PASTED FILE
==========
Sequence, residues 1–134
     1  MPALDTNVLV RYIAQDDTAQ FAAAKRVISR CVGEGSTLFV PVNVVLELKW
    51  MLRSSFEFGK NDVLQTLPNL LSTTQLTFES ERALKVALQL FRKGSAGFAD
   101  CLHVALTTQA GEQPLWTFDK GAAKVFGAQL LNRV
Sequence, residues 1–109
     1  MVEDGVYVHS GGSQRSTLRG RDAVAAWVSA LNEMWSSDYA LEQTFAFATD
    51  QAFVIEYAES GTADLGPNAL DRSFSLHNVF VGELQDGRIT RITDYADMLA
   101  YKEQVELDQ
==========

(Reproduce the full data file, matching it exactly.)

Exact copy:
Sequence, residues 1–134
     1  MPALDTNVLV RYIAQDDTAQ FAAAKRVISR CVGEGSTLFV PVNVVLELKW
    51  MLRSSFEFGK NDVLQTLPNL LSTTQLTFES ERALKVALQL FRKGSAGFAD
   101  CLHVALTTQA GEQPLWTFDK GAAKVFGAQL LNRV
Sequence, residues 1–109
     1  MVEDGVYVHS GGSQRSTLRG RDAVAAWVSA LNEMWSSDYA LEQTFAFATD
    51  QAFVIEYAES GTADLGPNAL DRSFSLHNVF VGELQDGRIT RITDYADMLA
   101  YKEQVELDQ